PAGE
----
AT SEA, en route to Alaska, via Vancouver and Victoria, Canada — A genial group of Cambrians and other Central Coasters were escorted from the Veterans Memorial Building on Main Street by Diana and John O’Regan of San Simeon Travel directly to the Crystal Symphony cruise ship at the international pier in San Francisco. My sister Erica joined us there from Burlingame and was told, “Yes, I just checked your sister in 15 minutes ago — long white hair, right?”
Small world, isn’t it? And a shipload of 860 passengers and 560 crew comprised but a small village, almost all of whom soon became more than passing acquaintances — as in “ships passing in the night,” ’scuse the pun. Thanks to Alex Ferguson at the travel agency, my sister and I were ensconced amidships near the waterline, so experienced a lot of convenience and very little discomfort when we bucked the California current’s 7-10 foot swells our first night out.
We all were blessed with a dining staff that was more than happy to serve with unpretentious and gracious hospitality and humor. Table No. 2 became a beachhead for most of us as we mixed and matched with several other options for dinner and lunch. It also became noted for the hilarity — more on that next week.
As usual, I got lots of pictures of our companions and the marvelous scenery as well as lots of pictures of our meals — allowed for an avowed food editor. (It wasn’t until the fourth day that I presented my “credentials” to the headwaiter, so that had no influence on our special service.)
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Needless to say, I really enjoyed my research, sampling what the chef would provide that I could not usually prepare. We had some little tarts which varied in the topping each day, and I knew I had the perfect recipe to adapt for a cake-let which would be dense enough to support different glazed fruits. My friend Marty Main had baked her family’s favorite Sunday brunch dessert, and brought me a slice of this:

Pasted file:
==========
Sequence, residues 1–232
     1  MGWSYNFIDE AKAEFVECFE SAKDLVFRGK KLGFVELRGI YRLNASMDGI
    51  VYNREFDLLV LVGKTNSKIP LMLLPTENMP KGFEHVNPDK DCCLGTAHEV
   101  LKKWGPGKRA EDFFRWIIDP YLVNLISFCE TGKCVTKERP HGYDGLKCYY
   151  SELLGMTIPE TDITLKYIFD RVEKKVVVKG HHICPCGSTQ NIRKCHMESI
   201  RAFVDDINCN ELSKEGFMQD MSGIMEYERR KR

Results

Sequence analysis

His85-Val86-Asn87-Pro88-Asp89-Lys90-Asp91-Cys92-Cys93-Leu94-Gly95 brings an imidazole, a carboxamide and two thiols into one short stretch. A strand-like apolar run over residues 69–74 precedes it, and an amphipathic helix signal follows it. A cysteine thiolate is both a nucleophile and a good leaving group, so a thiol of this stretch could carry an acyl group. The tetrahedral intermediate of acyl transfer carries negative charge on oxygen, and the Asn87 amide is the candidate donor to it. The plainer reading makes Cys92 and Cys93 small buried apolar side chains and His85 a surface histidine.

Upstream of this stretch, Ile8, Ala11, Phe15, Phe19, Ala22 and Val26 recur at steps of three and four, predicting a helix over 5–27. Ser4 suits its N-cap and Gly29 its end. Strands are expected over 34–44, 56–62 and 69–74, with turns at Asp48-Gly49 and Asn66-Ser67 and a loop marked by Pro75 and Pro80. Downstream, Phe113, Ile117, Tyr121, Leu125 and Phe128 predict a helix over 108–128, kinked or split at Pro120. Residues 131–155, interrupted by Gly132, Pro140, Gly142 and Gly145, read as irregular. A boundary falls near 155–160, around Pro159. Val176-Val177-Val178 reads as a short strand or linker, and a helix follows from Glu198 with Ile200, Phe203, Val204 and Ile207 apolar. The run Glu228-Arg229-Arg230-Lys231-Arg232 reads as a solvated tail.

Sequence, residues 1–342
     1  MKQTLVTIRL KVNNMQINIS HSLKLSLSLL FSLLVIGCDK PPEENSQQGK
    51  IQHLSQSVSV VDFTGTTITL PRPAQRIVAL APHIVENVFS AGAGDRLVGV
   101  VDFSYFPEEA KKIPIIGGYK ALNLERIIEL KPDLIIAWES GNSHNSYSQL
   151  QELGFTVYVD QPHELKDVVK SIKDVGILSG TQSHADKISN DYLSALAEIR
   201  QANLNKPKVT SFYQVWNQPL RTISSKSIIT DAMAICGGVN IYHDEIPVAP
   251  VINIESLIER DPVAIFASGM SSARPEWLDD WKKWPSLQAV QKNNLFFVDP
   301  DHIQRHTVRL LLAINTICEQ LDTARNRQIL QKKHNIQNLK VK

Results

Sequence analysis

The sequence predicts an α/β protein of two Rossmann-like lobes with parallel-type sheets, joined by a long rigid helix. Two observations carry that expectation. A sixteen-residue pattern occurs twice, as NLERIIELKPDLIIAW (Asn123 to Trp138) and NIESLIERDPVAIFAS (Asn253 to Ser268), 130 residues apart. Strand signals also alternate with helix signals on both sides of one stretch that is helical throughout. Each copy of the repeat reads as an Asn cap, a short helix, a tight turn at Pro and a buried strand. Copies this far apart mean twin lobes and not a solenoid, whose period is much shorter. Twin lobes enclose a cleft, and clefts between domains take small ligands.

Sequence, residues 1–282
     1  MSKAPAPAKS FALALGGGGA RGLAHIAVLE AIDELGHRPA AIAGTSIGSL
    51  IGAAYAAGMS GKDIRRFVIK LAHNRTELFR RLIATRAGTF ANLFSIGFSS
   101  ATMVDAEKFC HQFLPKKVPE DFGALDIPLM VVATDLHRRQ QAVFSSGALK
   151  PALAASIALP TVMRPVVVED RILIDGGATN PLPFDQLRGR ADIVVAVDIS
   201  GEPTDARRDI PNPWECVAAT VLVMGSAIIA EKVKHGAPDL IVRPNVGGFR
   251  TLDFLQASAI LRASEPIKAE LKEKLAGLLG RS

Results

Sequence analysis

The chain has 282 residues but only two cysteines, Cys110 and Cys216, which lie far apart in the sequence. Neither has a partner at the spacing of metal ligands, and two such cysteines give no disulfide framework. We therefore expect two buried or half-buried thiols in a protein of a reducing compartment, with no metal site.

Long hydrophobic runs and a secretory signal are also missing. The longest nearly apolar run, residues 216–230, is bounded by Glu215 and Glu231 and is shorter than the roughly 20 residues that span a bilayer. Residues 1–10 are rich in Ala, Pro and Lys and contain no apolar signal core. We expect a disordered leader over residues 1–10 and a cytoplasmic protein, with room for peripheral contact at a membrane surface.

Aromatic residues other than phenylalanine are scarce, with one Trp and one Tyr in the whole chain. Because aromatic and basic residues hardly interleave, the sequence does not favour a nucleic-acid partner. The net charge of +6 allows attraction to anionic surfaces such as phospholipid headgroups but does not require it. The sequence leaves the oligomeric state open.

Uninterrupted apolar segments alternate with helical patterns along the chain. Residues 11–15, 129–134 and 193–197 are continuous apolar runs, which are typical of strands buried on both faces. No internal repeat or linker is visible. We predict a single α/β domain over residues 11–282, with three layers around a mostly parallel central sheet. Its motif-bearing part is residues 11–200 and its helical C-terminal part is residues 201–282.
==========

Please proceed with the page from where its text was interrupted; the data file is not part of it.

Marty’s Tuscan Cake
- 2 large eggs
- 2/3 cup granulated sugar
- 2/3 cup butter
- 3/4 cup all-purpose flour
- Butter for pan
- 1/3 cup almonds, peeled and sliced thinly
- 4 tblsp. granulated sugar
- 1/4 cup butter
- 2 tblsp. milk
- 1 tblsp. all-purpose flour
In a large mixer bowl, beat eggs and sugar until very light, smooth and fluffy. Melt butter and allow to cool. Add flour (That IS the right amount) to egg mixture and stir in melted butter. Pour batter into an 8-inch lightly buttered and floured pan. Bake on the middle rack in a preheated 350-degree oven for 25-30 minutes.
Meanwhile, slice the almonds finely. Prepare the glaze in a small saucepan — combine sugar, butter, milk and flour; bring to a boil, stirring constantly so mixture does not burn. Add almonds. Remove cake from oven and carefully spread with glaze.
Bake for another 10-12 minutes until slightly brown and crispy on top. Marty turned up the oven to 360 degrees for this step and placed a sheet under to catch any drips of glaze as it caramelized, watching carefully through the oven’s glass door until just right. Allow to cool or serve warm. Makes eight servings, plenty for friends and neighbors.
To replicate the ship’s tarts, I bake the batter in mini cupcake pans for about 15 minutes, and remove them from the pan when cooled. Substitute for the almond topping glazed lychee or mandarin oranges, using the canned fruit simmered in apple jelly. Dock the cakes with a fork, and drizzle with a little of the juice to enhance the flavor. Top with one or two fruits. You may also use fresh blackberries, raspberries or strawberries simmered in simple syrup.
For some of the highest quality and most unique treats I hope to see you this Saturday, July 30, on the Great Kitchens of Cambria tour to benefit Friends of the Fiscalini Ranch Preserve. Their recipe book has been updated and will also be for sale.
Consuelo Macedo cooks on Happy Hill in Cambria. Please send your recipes to Consuelo, c/o The Cambrian, 2442 Main St., Cambria CA; or e-mail to firstname.lastname@example.org.